When my friend invited me to the Israeli-Palestinian Memorial Day ceremony, I was hesitant. Although I am involved in Palestinian-Israeli encounters throughout the year, I wondered if Memorial Day, a national day of Israeli mourning for those killed in the Israeli-Arab conflict, was a proper time to do so.
But then I went back and read the Israeli Declaration of Independence, in honor of Israel’s upcoming Independence Day, which will begin as soon as its Memorial Day draws to a close. A section struck me that I had never noticed before: “The State of Israel…will be based on freedom, justice, and peace as envisaged by the prophets of Israel.”
71 years later, this peaceful vision seems far from becoming a reality.
The more time I spend living in Israel, the more I am convinced that the fatal flaw of most political solutions is that they attempt to impose peace from the top-down. Instead, peace must be built from the ground up.
A political solution, that declares new borders and states that a conflict is over, can indeed create a new reality. Border controls can keep people apart, and new sovregnity can appease some, lessening the chances of violence. But if, fundamentally, both sides still hate each other, then true peace has not been achieved – and people may rebel and disregard the political agreement that has been signed.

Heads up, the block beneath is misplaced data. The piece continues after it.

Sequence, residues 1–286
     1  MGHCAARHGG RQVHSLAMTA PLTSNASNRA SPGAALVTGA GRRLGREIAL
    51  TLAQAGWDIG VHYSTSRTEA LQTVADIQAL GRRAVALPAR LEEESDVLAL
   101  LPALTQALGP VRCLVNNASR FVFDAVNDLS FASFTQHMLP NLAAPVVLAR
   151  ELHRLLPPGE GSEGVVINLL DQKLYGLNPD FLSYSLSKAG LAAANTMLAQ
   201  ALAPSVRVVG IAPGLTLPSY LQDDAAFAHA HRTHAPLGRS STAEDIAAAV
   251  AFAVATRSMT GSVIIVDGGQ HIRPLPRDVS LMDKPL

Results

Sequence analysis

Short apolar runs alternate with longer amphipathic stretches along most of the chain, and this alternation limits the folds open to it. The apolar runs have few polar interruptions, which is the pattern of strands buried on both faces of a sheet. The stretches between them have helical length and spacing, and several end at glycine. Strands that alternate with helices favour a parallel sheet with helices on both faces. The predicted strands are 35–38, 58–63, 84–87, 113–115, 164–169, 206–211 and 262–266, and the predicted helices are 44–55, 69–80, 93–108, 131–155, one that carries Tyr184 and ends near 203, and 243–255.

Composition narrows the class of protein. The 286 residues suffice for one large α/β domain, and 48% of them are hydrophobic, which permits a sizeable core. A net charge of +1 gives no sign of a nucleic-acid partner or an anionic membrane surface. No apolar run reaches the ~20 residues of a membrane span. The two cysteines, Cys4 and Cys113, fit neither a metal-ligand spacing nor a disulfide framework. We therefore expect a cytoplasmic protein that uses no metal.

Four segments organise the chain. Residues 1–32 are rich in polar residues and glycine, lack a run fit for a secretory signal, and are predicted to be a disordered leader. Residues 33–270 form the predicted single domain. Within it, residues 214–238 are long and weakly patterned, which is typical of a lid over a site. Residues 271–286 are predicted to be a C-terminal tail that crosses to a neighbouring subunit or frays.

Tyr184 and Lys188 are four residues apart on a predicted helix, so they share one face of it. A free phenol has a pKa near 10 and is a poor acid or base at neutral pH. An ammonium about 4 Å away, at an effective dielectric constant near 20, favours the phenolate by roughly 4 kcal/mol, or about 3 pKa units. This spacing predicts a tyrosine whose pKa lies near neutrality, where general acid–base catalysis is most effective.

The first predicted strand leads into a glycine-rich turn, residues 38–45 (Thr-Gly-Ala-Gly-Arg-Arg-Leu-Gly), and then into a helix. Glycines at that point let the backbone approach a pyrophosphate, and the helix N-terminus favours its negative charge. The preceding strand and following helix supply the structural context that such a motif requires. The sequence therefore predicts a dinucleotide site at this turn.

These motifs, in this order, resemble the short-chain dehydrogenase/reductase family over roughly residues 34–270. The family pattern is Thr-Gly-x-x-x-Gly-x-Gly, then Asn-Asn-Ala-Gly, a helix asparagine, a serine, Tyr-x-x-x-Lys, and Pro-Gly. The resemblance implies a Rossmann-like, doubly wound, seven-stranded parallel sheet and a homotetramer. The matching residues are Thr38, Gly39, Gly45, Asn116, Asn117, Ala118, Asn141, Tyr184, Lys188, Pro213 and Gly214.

If, on the other hand, people from both sides truly want peace, they will find a way. They will demand that their leaders pursue peace, and replace those who do not.
That’s why I believe in focusing on solutions that bring together Israelis and Palestinians, rather than on politics. That’s not to say that politics have no role; indeed, ideally, both a top-down and ground-up approach would work together. But the political arena seems stuck at the moment, whereas the social arena is not.
It’s always a good time to encounter each other and get to know people from the other side; it’s always a good time to educate towards tolerance and respect for the Other. These initiatives might not have immediate results, and they might not bring peace overnight. But they are creating a growing group of people committed to peace who, once they become large enough, will become a real pressure point on political leaders.
Once I focus on social solutions, instead of political ones, I’m no longer dependent on polls or political crosswinds. I’m also not dependent on the other side: Is there a lot of hatred in Palestinian society? Maybe. But that’s not my responsibility. I can’t change Palestinian society; I’m not a member of it. All I can do is focus on changing the society that I am a part of – Israeli society. It’s possible that Israeli society will be ready for peace before Palestinian society, and that would be extremely frustrating. But the work I did will not go to waste; it will simply become effective at a later point than I had intended.
Despite that, the slow-going nature of the process can be extremely frustrating: Even if you believe that one day your actions will have a real effect and help catalyze momentum for a long-term solution, it’s hard to remain optimistic in the face of the ever-enduring status quo.
But remaining hopeful is part of the Israeli ethos. We put the words “Our hope is not yet lost” in our national anthem.
As Israel prepares to mark its 71st Independence Day, I am still hopeful that we can live up to the promise of our Declaration of Independence, to live in freedom, justice, and peace: That’s why, when my friend asked me if I’d go to the Israeli-Palestinian Memorial Day Ceremony, I said yes.